For many of us, this week was the time to get back to work after all the holiday fun and mayhem. Office parties are over and there isn’t another three day weekend in sight.
For some of us, the stress of getting back to work is escalated by the thought of our new puppy at home all alone. If you were one of the many families that received a new Christmas puppy, check out the column that I wrote last week about choosing a name for your new dog.
This week I’m ready to get back on track with a more serious discussion. I want to talk about ear mites in dogs. These parasites are quite common, but there are a lot of misconceptions about them. They don’t come from dirty environments or animals infested with other parasites like fleas. In fact, ear mites are extremely contagious, and dogs typically catch them from outdoor cats.
Possibly the most common misconception about ear mites is that they only live in the ears. They can actually survive anywhere on your dog’s body.
There are several different types of mites that can infest the ear canals of your dog. The same types of mites can affect both dogs and cats, so you need to be especially careful if you have a multi-pet household.
Humans are not affected by ear mites. Though you and your vet may be curious, it isn’t important to diagnose the type of mite in order to treat it.
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What Are Dog Ear Mites and How to Get Rid of Them Naturally
Ear mites in dogs will lead to scratching around the ears and shaking the head. The worse the infestation is, the worse the symptoms. If the infestation is severe enough, it could even lead to bleeding in the ear canal. This bleeding could eventually cause a yeast or bacterial infection if not treated.
In extreme cases that were untreated for a long time, ear mites have caused permanent damage to the ear canal and hearing loss. Although they are a common problem, you need to take them very seriously.
The most common ear mites, known as Otodectes Cynotis, are eight-legged parasites that eat the oils and wax in your dog’s ears. You would have to look extremely closely to see a single mite. Large groups of them can easily be mistaken as dirt or wax buildup in the ear.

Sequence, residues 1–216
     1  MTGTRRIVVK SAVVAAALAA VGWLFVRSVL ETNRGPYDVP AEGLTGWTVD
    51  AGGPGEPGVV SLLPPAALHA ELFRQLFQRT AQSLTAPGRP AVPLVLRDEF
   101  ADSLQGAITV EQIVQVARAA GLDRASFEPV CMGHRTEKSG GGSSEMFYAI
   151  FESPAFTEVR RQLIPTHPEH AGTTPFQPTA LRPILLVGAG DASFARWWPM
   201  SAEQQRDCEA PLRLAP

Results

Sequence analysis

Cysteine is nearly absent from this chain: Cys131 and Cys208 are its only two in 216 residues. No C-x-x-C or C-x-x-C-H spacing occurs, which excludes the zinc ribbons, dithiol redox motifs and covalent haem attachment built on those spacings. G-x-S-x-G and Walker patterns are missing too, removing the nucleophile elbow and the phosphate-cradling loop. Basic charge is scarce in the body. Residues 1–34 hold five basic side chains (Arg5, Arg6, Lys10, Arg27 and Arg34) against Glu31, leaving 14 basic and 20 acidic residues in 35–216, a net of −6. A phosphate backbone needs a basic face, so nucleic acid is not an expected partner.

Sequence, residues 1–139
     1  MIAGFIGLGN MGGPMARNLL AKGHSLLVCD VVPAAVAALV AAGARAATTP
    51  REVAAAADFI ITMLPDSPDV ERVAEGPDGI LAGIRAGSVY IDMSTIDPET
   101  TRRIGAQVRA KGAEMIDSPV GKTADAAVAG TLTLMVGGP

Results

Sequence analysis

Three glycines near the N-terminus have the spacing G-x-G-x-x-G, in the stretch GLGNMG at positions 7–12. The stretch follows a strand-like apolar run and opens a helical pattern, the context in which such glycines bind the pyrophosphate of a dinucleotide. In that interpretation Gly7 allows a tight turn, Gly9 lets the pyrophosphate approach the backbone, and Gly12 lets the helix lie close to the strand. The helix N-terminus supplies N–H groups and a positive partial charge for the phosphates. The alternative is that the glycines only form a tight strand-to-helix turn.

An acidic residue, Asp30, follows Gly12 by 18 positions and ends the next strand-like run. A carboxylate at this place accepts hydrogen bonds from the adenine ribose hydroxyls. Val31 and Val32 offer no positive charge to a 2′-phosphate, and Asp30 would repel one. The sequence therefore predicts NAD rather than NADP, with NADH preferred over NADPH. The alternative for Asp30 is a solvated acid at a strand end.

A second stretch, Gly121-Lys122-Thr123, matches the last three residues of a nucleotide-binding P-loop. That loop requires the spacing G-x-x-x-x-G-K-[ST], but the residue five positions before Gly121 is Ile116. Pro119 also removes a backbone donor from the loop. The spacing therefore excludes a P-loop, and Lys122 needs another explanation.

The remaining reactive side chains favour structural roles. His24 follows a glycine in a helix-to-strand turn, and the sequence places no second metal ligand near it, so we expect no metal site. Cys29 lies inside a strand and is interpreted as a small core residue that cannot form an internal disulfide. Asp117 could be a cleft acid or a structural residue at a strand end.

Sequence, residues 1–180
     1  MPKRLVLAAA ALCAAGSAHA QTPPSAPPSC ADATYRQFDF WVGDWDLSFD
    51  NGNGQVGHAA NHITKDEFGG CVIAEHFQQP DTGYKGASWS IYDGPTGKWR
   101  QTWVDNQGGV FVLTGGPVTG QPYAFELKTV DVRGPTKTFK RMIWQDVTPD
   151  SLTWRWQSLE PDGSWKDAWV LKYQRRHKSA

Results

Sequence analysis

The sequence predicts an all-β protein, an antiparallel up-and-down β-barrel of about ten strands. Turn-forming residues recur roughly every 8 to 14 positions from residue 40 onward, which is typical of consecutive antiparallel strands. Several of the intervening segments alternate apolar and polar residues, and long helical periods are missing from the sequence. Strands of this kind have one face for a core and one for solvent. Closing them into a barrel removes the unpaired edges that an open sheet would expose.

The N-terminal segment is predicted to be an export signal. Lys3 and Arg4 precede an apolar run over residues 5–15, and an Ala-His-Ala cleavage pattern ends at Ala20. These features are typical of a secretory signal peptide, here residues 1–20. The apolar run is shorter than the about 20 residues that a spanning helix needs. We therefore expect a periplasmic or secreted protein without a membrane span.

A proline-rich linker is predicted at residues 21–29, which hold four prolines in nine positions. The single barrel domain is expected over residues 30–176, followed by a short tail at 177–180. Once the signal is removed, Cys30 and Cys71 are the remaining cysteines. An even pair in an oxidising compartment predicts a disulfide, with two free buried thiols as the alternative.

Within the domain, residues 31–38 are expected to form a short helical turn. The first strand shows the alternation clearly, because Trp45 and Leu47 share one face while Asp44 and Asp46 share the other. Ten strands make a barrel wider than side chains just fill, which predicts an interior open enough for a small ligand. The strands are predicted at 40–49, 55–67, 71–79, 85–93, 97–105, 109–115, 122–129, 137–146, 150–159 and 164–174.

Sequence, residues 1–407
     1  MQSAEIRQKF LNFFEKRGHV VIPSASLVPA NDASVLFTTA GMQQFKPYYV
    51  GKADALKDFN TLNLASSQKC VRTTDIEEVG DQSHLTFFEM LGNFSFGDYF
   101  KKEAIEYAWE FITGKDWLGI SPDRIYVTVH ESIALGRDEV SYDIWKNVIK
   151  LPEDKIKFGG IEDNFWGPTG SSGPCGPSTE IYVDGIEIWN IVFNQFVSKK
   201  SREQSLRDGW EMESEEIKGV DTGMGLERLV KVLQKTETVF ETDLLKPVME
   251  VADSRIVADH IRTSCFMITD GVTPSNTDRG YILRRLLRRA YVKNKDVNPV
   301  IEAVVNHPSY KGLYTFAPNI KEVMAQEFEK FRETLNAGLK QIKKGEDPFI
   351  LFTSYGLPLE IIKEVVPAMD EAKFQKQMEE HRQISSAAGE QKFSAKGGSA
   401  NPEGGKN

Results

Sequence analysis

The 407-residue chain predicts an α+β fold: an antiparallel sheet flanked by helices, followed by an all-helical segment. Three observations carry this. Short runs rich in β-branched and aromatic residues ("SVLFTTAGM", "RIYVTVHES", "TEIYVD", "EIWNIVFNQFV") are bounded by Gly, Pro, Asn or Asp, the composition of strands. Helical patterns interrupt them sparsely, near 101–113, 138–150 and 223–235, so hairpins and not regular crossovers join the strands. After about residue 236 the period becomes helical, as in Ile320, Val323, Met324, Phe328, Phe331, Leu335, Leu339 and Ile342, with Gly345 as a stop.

Each mite has a three week life cycle, but they breed like fleas. Your dog will be infested before you know it if you don’t take care of the problem as soon as it arises. If you suspect that your dog may be suffering from ear mites, keep your eyes open for these common symptoms:
- Excessive scratching or rubbing of his ears
- Shaking his head often
- A brown or black waxy secretion
- Inflammation inside or on the exterior of the ear
- A strange odor coming from inside the ear
- A coffee-ground looking discharge or dried blood inside the ear
How to Get Rid of Ear Mites in Dogs
Certain bacterial infections can mimic the signs of ear mites, so if you’re unsure as to what exactly is going on inside your dog’s ears you’ll want to schedule an appointment with your veterinarian as soon as possible. However, because ear mites are contagious you may very well know when and how your dog contracted the parasites.
A few years ago one of our boxers got ear mites from an outdoor cat while we were visiting family. The dog, Maddie, began scratching her ears shortly after we returned home from our trip and I suspected something was up since she had never had any ear trouble before.
Sure enough, a few days later I received a phone call from the cat’s owner who informed me that her cat had been diagnosed with ear mites and the vet told her that they were extremely contagious and she should warn me to look for signs.
I made the decision to treat my dog at home, and you may make the same choice.